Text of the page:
Vaccine communication & anti-vaxxers

 

In the past 40 years, Danish research has shown that the story of vaccines is not quite as simple as the World Health Organization, national health authorities and others portray it.

– from Vaccines – an unresolved story, Science News DK

Why do we see a backlash against vaccines these days?

I wonder if it’s partly connected with the way governments and doctors have communicated vaccine information. They tend to strongly push it and focus on the very real benefits of vaccines, while ignoring or glossing over the equally real complexity and occasional downsides.

Why would officials and authorities push vaccines in a one-sided way? It may come from thinking they obviously are needed and should be used so they don’t see the need to include the other side of the argument. They may want to avoid muddling the water or give ammunition to anti-vaxxers. Another factor may be lobbying from the powerful pharmaceutical industry since they obviously benefit from mass-scale vaccination projects.

As anyone who has ever been a child or teenager knows, one-sided persuasive communication creates a backlash. We know reality is not that simple. We know they are leaving something out. If we are a bit informed, we know what they leave out. So there will obviously be a backlash.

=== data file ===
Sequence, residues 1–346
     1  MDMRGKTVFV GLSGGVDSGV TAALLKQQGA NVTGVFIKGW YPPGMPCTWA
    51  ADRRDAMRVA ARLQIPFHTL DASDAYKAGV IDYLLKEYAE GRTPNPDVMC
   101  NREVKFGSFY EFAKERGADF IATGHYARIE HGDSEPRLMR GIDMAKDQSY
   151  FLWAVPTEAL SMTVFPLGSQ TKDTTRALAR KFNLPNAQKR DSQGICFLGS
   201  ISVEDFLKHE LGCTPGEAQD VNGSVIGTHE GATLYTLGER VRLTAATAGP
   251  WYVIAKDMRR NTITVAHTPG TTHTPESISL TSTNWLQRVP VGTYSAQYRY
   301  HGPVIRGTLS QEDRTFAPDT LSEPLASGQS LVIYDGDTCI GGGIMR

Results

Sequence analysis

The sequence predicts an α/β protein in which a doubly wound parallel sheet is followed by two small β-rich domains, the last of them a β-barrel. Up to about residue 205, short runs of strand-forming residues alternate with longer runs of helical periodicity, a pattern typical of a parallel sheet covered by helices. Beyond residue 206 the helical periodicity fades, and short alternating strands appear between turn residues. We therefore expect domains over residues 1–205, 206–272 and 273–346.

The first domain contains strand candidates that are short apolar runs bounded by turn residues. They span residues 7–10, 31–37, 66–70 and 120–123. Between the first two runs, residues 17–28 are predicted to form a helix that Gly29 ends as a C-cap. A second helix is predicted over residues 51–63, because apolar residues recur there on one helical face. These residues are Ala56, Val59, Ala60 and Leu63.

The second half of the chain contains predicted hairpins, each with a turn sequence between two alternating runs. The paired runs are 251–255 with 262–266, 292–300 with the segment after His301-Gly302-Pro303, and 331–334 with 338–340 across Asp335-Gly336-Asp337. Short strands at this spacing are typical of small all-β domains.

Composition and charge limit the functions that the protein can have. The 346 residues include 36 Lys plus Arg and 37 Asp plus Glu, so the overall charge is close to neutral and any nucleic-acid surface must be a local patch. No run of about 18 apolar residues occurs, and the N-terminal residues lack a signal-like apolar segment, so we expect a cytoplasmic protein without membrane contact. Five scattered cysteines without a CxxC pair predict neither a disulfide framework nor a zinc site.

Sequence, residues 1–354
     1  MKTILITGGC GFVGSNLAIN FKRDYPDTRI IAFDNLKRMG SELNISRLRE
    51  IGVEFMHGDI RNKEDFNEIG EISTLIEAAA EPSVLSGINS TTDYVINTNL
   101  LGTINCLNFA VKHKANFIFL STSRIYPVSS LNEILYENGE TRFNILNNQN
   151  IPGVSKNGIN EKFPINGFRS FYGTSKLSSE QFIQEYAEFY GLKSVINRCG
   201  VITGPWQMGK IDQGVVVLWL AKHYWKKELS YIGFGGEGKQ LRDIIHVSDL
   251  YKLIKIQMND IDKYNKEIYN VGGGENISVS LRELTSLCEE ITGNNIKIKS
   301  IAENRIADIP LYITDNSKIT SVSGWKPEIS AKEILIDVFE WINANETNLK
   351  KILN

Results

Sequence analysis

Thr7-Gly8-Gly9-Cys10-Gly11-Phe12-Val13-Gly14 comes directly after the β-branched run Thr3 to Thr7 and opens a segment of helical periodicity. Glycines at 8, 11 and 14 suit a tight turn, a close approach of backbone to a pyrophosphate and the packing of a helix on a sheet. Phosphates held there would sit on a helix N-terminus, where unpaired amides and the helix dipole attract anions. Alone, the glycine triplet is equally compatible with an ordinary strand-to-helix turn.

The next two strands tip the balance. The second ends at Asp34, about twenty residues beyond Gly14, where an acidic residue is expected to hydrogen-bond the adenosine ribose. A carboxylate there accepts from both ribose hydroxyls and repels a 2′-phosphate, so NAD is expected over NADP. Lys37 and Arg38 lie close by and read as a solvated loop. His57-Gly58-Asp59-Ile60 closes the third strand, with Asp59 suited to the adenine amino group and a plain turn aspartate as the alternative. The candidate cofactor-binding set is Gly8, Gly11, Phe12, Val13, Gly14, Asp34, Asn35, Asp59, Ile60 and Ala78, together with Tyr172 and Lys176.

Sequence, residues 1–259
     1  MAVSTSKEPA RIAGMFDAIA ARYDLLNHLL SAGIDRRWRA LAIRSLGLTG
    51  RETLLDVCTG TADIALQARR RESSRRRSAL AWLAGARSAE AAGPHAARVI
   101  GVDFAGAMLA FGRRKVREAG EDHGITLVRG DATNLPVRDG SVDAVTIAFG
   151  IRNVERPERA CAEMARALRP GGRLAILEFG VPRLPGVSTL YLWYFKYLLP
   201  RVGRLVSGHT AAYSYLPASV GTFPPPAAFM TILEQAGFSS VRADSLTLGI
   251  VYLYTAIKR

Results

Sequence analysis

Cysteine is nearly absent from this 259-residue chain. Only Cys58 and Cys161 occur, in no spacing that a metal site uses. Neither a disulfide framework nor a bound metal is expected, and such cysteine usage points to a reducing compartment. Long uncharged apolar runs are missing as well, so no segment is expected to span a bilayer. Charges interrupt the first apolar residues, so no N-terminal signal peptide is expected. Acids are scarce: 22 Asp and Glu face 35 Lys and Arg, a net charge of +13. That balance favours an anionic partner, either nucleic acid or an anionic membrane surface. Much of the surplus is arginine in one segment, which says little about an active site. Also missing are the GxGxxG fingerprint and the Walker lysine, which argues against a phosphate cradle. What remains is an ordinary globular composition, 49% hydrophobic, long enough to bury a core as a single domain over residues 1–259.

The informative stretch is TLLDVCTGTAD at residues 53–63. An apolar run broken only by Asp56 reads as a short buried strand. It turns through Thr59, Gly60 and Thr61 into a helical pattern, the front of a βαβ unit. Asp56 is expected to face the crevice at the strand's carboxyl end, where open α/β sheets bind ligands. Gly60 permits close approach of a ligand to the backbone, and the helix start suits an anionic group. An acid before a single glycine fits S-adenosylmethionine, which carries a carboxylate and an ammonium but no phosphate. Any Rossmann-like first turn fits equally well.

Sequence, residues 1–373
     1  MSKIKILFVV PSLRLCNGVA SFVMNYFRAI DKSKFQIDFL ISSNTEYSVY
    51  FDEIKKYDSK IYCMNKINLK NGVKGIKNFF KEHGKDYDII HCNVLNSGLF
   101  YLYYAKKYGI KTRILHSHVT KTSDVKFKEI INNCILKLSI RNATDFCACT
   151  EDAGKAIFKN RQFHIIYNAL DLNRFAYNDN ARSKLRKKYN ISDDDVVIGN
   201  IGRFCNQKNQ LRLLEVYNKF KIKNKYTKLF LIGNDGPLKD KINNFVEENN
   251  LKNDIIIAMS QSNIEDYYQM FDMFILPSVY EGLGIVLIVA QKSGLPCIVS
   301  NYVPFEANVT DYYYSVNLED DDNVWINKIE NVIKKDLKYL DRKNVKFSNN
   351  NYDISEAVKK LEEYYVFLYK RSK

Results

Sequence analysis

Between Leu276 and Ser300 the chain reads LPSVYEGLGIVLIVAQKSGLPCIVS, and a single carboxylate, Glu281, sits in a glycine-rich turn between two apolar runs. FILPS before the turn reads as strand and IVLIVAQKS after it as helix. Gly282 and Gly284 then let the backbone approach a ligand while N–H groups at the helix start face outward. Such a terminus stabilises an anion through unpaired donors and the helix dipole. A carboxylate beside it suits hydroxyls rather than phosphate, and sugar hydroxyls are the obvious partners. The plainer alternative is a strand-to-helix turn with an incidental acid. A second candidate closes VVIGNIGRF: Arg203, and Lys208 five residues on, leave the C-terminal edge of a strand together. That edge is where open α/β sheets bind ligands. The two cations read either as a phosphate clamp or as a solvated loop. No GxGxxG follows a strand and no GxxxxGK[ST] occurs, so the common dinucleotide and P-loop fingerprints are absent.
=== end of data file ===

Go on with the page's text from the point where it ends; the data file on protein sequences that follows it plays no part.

With a more balanced and grounded communication, it’s likely that the response also would be more balanced and grounded. Yes, vaccines are amazing and often a very good way to go. And yet, there are complexities and possible downsides that need to be addressed. Both are part of the picture.

We are used to accept risk. Cars help us get around but they also kill people. Pesticides may allow for an easier larger yield, but these too kill people. Medicines helps people stay healthy and alive, and they have side-effects and kill people in the wrong dosage. Hospitals help people stay alive, and hospitals also kill people – through mistakes, antibiotic-resistant infections, and so on.

We know about these risks, and most of us accept them.

And so also with vaccines. Yes, they often have some risks. And yet, their benefits often outweigh these risks. Most people are willing to accept the risk of some vaccines, especially if they are informed about these risks and feel the authorities are honest and open about it. In other cases, vaccines may seem less needed or the risks may be too high.

Through a more informed discussion, we could collectively be more discerning about when, how, and for whom any one vaccine is helpful.

This is an example of how conspiracy theories often have some basis in reality, although usually not in a literal sense. Yes, the issue of vaccines is more complex than authorities tend to acknowledge. And no, there is most likely no vast conspiracy behind it apart from the usual pressure and influence from those who benefit from it financially.

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